Customers get it. Not only have they mastered how to buy from you and are likely to share this knowledge, but many buyers are also becoming sell- ers in secondary markets. And if they are not selling your products and services, they are still likely to influence the market at review sites, blogs, and industry forums.
If you have not done so already, log onto the websites on the following list, and enter your company name and one of your specific product names. Even try one of your own product identification codes, and see what pops up. Many managers are surprised to see that their products and services are posted on other sites for resale. Products and services are typically sold as after-market items in used or repaired condition or they are rebranded.
Managers should walk through the entire customer experience provided by these sites to get a customer’s view of what he finds as he researches your products, services, and company.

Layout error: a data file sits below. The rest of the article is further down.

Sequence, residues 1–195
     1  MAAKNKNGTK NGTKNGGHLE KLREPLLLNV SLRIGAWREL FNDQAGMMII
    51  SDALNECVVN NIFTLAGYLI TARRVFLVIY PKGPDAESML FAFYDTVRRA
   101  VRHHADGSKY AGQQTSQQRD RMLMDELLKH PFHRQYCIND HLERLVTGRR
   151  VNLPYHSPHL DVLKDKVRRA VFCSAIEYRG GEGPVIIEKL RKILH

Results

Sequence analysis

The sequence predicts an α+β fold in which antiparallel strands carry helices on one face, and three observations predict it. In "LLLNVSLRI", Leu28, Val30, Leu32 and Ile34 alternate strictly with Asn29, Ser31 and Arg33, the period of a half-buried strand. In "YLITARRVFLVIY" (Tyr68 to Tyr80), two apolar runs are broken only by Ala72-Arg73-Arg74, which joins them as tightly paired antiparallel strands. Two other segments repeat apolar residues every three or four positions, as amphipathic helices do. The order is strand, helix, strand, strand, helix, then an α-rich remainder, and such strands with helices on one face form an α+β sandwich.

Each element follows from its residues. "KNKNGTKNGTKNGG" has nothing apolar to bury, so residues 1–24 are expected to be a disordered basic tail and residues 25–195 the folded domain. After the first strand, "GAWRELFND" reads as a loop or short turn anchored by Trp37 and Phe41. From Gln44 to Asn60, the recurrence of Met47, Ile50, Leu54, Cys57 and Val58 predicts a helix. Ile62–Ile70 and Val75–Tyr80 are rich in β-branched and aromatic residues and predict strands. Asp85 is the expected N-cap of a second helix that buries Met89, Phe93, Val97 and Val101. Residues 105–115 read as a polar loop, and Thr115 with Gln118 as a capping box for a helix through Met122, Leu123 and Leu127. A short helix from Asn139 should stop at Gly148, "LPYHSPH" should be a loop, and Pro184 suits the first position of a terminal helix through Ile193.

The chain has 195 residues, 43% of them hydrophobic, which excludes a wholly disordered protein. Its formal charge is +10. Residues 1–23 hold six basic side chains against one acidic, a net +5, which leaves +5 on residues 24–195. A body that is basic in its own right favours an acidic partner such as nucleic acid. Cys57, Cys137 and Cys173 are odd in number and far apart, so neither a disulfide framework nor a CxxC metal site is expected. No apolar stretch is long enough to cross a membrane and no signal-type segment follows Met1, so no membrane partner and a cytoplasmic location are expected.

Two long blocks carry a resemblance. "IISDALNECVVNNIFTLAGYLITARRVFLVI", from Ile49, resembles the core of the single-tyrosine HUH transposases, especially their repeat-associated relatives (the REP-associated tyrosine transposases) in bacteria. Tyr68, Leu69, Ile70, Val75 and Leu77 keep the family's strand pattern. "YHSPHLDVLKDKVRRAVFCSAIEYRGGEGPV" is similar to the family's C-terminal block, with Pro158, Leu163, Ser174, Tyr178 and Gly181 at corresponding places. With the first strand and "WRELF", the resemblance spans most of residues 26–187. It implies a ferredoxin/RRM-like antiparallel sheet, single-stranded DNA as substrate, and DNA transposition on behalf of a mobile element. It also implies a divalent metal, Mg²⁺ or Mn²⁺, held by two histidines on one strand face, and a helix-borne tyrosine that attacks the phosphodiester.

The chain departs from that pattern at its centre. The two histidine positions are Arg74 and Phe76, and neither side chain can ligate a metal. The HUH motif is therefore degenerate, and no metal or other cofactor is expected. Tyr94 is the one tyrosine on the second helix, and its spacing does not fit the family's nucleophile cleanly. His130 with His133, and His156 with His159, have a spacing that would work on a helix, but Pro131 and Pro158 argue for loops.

Do not betray trust—build value!
What if my car sent a message to a service station that I needed oil, and the car negotiated the price along my daily route? Why not have a program that optimizes prices for my commonly purchased items along my regular commuting route? But let’s not stop there! Why not have a “buy” button that assembles purchased products without my having to stop, so I only have to pick them up later from a single location on my return trip. This implies a great level of mutual trust between buyers and sellers, but similar models exist where customers have professional buyers, use concierge services, and buy through aggregators like Amazon. With a growing level of distrust of companies that handle our personal data, new service configurations are likely to evolve that balance privacy and convenience to benefit both the company and the customer.
“Give trust, and you’ll get it double in return.”
—Kees Kamies, production manager in a facility that employed
socially and mentally disabled persons